I push the paddle to the side and let my kayak float for a few moments to consider the real reasons why we want our schools to be the incubators of both free thought and inclusive practices. I ponder how we have expected education to get us to new places.
Bigger thoughts, new horizons, and innovative spirits, they all are the utopian goal of learning.
But here I sit in a little green boat and think why we keep pressing our educators to give our children and our aspiring minds what it seems adults absolve themselves from in mainstream society.
Do we always believe it is someone else’s responsibility to dismantle systemic woes or elevate people beyond any type of plight they may encounter? Are we all hands on deck for all learners, all the time? Are we ready shift mindsets so that structural constraints can be dismantled?
Educators don’t shy away from these questions, but I wonder if society does. Perhaps we educate so a new generation carries the torch of love and life more boldly than we have.
Perhaps we educate so a new generation carries the torch of love and life more boldly than we have.
Educators think about their work, their lesson plans, and their students so very often. We are always navigating the minefields of untapped potential. We employ best practices so that student engagement overturns the temptation for disorder and resistance to learning.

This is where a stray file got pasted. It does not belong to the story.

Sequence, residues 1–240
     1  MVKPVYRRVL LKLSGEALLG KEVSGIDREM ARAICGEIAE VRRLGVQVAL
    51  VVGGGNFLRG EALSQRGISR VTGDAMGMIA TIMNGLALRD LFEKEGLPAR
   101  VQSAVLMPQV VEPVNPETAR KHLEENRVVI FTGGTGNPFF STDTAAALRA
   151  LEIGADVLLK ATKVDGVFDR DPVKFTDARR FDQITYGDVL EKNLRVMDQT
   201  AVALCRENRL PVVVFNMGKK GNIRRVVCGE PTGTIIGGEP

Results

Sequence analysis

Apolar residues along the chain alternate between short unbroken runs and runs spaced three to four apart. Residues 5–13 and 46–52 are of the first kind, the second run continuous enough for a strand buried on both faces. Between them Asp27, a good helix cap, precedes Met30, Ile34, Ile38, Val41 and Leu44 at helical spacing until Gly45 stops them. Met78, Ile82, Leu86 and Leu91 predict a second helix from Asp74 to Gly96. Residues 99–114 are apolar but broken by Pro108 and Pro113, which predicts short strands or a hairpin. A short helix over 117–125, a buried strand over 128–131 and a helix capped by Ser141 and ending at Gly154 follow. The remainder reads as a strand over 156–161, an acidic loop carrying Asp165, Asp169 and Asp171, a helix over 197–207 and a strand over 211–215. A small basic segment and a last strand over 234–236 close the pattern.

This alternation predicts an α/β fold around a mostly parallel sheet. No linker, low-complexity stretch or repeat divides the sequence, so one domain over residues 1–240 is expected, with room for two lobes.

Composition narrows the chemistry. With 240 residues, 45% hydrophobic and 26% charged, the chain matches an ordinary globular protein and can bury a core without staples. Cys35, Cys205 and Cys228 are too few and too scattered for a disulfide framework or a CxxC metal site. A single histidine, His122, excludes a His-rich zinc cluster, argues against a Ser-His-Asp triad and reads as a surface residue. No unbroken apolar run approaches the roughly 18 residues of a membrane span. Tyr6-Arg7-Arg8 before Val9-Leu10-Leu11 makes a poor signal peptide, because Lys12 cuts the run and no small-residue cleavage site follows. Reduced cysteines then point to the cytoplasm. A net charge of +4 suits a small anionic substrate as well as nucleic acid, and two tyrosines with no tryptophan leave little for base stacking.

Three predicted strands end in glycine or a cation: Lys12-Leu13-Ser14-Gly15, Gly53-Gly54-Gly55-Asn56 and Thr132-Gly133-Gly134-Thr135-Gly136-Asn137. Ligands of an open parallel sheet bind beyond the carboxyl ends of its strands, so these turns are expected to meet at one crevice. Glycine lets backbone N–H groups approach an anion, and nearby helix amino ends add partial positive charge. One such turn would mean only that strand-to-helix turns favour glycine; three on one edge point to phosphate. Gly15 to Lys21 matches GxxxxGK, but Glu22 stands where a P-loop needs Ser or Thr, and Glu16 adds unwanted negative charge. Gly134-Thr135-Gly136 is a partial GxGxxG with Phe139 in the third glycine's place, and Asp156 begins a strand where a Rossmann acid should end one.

We look in the eyes of 11-year-olds and need to evidence our belief that all students can learn and succeed even if their surroundings or the stats might indicate otherwise.
We have to believe, not the unbelievable, but the unpopular.
We have to believe that relationships and nonverbals communicate as much as test scores and AP course enrollment numbers.
We need to not shy away from the data. We need to hold the student’s home life and action choices in class as just parts of the puzzle, doing our best to not let stereotypes dismiss the possibilities for the young girl in front of us. We need to take the young man and show him worth and dignity in a land that shows up with hate and distaste to his race, national heritage, and ethnicity.
We need to take the young man and show him worth and dignity in a land that shows up with hate and distaste to his race, national heritage, and ethnicity.
We are in the business of rewriting narratives so that divisiveness is not multiplied.
We get to believe that every minute, every tone chosen, every eye contact made is part of the pathway to our society’s freedom to hope, instead of despair.
I believe we get to educate against hate and it starts with the students in front of us. Teach on, teachers! Be ever encouraged, educators! Our work matters. Monday morning is near.
Nasreen Fynewever, M.Ed, is an educator, writer, and speaker with messages of hope, advocacy, adoption, and mental health. Born in Bangladesh and now married with three sons living in Minnesota, her heart burns for people to practice presence, to breathe hope, and to belong. She currently is a Dean of Students in the Brooklyn Center Community School district and is pursing her doctoral degree. This article first appeared on her website, and is reprinted with permission.